Weekends with Julia: Brown Braised Onions

by Sara on May 31, 2009

brown braised onions

Oh. My. God.

Those were the words going through my mind as I took my first bite of these onions. Unable to speak, I let out a long “Mmmmmmm.” And perhaps a little moan. Yes, these are really that good.

Actually, they’re better. If you’re familiar with the term Food Porn, well, these qualify. If I were to pick my final meal, brown braised onions would be a part of it. Instead, I will eat them now, and eat them often. Even if you don’t usually like onions, I would be large sums of money that you’ll like these.

I’ve wanted to make these for awhile, but the thought of peeling all of those onions put me off. But since Julia recommended this particular dish as a side to Beef Braised in Red Wine, I decided to go ahead and peel all of those little suckers. It was completely worth it, and I will be making these again…and again…and again.

sauteing the onions

Brown Braised Onions
Oignons Glacés à Brun
from Mastering the Art of French Cooking

Print Recipe

18-24 peeled white onions, about 1 inch in diameter
1 1/2 T butter
1 1/2 T canola oil
1/2 c brown stock or beef bouillon
salt and pepper to taste
Herb bouquet: 4 parsley sprigs, 2 thyme sprigs, 1 small bayleaf, tied together with twine

Heat butter and oil in 9-10 inch sauté pan over medium heat. When bubbling, add the onions and sauté for about 10 minutes, rolling the onions around the pan so they will brown as evenly as possible. Be careful not to break their skins, but don’t expect to brown them uniformly.

When browned, pour in the liquid, season to taste, and add the herb bouquet. Cover and simmer slowly for 40-50 minutes until the onions are perfectly tender but retain their shape, and the liquid has evaporated. Remove the herb bouquet.

Roll the hot onions around in a tablespoon of softened butter, if desired. Sprinkle with parsley.

{ 14 comments… read them below or add one }

Erin January 2, 2010 at 9:14 pm

Thanks for sharing this recipe! I used it while making Julia’s Boeuf Bourguignon for New Year’s – I don’t have her cookbook and had no idea how to brown braise onions for the dish until I found your site. Looking forward to reading more.

Sara January 5, 2010 at 10:08 am

Erin, I’m so glad you were able to make the onions…this is probably one of my favorite recipes ever. :)

Maya January 6, 2010 at 11:58 am

Thank you for posting this. I don’t have Julia’s cookbook either, so you saved me last night when I realized I needed this part to complete the most wonderful Boeuf Bourguignon dish ever! Absolutely wonderful!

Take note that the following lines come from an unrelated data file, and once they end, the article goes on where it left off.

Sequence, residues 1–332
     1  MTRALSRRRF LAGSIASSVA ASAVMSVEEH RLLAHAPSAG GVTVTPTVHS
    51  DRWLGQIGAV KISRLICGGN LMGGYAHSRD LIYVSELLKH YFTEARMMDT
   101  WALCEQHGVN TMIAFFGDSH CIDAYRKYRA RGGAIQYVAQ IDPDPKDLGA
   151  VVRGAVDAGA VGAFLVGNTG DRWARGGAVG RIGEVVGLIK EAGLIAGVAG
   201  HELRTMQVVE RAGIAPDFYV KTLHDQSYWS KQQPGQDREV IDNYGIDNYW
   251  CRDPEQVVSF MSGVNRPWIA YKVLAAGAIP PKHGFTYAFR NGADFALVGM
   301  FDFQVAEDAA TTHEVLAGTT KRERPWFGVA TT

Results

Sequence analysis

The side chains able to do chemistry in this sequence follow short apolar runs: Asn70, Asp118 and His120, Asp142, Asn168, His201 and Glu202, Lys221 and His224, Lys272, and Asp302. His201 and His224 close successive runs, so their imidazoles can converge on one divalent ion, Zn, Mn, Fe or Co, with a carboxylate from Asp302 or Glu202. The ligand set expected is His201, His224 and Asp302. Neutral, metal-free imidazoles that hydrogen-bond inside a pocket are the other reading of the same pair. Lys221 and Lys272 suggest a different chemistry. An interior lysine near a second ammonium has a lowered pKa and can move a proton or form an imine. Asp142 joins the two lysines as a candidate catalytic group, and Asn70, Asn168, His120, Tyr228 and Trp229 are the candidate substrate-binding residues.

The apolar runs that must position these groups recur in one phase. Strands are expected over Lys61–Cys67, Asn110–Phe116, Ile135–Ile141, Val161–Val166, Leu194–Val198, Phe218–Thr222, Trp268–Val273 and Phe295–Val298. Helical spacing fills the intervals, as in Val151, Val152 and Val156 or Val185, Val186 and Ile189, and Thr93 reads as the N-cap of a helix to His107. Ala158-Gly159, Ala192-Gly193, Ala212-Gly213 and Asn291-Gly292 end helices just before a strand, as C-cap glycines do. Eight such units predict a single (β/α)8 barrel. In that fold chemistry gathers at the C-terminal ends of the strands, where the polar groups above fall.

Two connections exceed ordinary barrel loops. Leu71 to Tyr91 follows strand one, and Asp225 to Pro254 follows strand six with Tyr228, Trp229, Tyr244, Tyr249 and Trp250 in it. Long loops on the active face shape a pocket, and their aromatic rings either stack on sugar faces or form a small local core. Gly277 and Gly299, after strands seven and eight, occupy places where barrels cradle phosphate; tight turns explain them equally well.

Mary February 20, 2011 at 6:21 pm

I cooked these onions to accompany Julia’s Beef Bourguinon. Amazing!!!

Sara February 21, 2011 at 9:56 am

Mary, if I had to pick a menu for my last dinner, these onions would definitely be on it. They truly are one of the best things I’ve ever eaten in my life!

Ginger February 22, 2011 at 5:12 pm

Don’t really know what a “chunk of bacon” is…only can find sliced in a package. Found something called “Hickory Smoked Pork Jowl Bacon” Does anyone know if this is suitable for Julia’s Beef Bourguinon? I hate to go thru all the steps and ruin her recipe with the wrong bacon…and I am making it for a houseful of guests this weekend! HELP!!! Thanks.

Sara February 22, 2011 at 10:14 pm

Ginger, I would just use regular bacon – it will turn out just fine.

Ginger February 23, 2011 at 7:55 am

Thanks, Sara..Can’t wait to make/eat this dish! :-)

Bonnie March 26, 2011 at 2:50 pm

Hello! I love experimenting, mostly I have cook asian meals,but found so many french recipes, tried and found I did not know what I was missing! one question though, could you substitute regular onions cut up for this recipe?

Bonnie March 26, 2011 at 2:53 pm

Hello! I would like to make this dish, but was wondering if I could use regular white onions cut up? and thank you for your web site! I just love making new stuff!

Sara March 28, 2011 at 6:56 am

Bonnie, you could try using diced onions, but the cooking time will be different. I would probably try using a bag of frozen pearl onions (thawed and patted dry) before I would try using a diced onion in this recipe. It’s really very special with the pearl onions, and I’m not sure the recipe will translate to a diced onion, if that makes sense.

If you do try it with a diced onion, please let me know how it turns out for you!

Amy August 2, 2011 at 6:07 pm

This recipe is one of the reasons I started writing about food. No one believes me that onions, onion pie, onion tartlets, etc. could be so delicious.

Sara August 9, 2011 at 9:02 am

Any time I want a “special” meal, I break out this recipe. Peeling the onions can be a pain, but it’s soooooo worth it in the end.

Michael September 25, 2011 at 4:43 pm

Hi all, just a quick sugegstion here; there’s a very easy way to get these little gems out of their skins, so to speak.

1- Bring a pot of water to a rolling boil.
2- Plunge the onions whole into the boiling water, and blanch them for one minute, two at the most.
3- Take the onions out of the boiling water and drop them into a bowl filled with ice-cold water (or better yet, water and some ice cubes!)
4- Let them sit there in the ice water for a minute.

Then, you can simply take each onion…slice off the very top (the part with the “root”) and grab the pointy end, squeeze…and the onion will slip out of its first layer, whole and ready to be braised.

Enjoy; they are nummy indeed!

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